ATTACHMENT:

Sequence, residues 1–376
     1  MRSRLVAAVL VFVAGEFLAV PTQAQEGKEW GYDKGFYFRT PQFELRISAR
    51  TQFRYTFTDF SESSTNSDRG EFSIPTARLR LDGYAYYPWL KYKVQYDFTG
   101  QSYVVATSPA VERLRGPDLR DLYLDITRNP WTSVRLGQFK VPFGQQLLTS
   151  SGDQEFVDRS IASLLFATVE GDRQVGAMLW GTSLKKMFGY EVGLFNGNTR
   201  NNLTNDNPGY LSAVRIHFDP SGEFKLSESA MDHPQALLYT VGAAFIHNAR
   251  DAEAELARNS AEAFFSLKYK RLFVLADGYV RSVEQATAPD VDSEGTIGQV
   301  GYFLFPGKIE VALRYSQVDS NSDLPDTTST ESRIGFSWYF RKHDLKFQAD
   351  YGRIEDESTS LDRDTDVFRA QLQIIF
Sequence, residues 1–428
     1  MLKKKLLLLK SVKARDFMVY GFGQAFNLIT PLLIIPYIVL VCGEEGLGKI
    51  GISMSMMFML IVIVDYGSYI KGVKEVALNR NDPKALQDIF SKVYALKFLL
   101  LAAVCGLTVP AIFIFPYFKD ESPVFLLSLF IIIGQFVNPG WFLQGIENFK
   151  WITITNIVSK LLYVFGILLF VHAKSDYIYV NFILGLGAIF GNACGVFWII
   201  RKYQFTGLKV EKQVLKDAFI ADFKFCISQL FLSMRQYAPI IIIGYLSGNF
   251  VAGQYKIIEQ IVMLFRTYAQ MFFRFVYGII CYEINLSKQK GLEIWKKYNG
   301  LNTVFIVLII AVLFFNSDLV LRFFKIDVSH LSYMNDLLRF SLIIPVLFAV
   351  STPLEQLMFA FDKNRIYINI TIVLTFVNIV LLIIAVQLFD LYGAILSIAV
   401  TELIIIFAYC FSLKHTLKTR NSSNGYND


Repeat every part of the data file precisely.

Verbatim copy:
Sequence, residues 1–376
     1  MRSRLVAAVL VFVAGEFLAV PTQAQEGKEW GYDKGFYFRT PQFELRISAR
    51  TQFRYTFTDF SESSTNSDRG EFSIPTARLR LDGYAYYPWL KYKVQYDFTG
   101  QSYVVATSPA VERLRGPDLR DLYLDITRNP WTSVRLGQFK VPFGQQLLTS
   151  SGDQEFVDRS IASLLFATVE GDRQVGAMLW GTSLKKMFGY EVGLFNGNTR
   201  NNLTNDNPGY LSAVRIHFDP SGEFKLSESA MDHPQALLYT VGAAFIHNAR
   251  DAEAELARNS AEAFFSLKYK RLFVLADGYV RSVEQATAPD VDSEGTIGQV
   301  GYFLFPGKIE VALRYSQVDS NSDLPDTTST ESRIGFSWYF RKHDLKFQAD
   351  YGRIEDESTS LDRDTDVFRA QLQIIF
Sequence, residues 1–428
     1  MLKKKLLLLK SVKARDFMVY GFGQAFNLIT PLLIIPYIVL VCGEEGLGKI
    51  GISMSMMFML IVIVDYGSYI KGVKEVALNR NDPKALQDIF SKVYALKFLL
   101  LAAVCGLTVP AIFIFPYFKD ESPVFLLSLF IIIGQFVNPG WFLQGIENFK
   151  WITITNIVSK LLYVFGILLF VHAKSDYIYV NFILGLGAIF GNACGVFWII
   201  RKYQFTGLKV EKQVLKDAFI ADFKFCISQL FLSMRQYAPI IIIGYLSGNF
   251  VAGQYKIIEQ IVMLFRTYAQ MFFRFVYGII CYEINLSKQK GLEIWKKYNG
   301  LNTVFIVLII AVLFFNSDLV LRFFKIDVSH LSYMNDLLRF SLIIPVLFAV
   351  STPLEQLMFA FDKNRIYINI TIVLTFVNIV LLIIAVQLFD LYGAILSIAV
   401  TELIIIFAYC FSLKHTLKTR NSSNGYND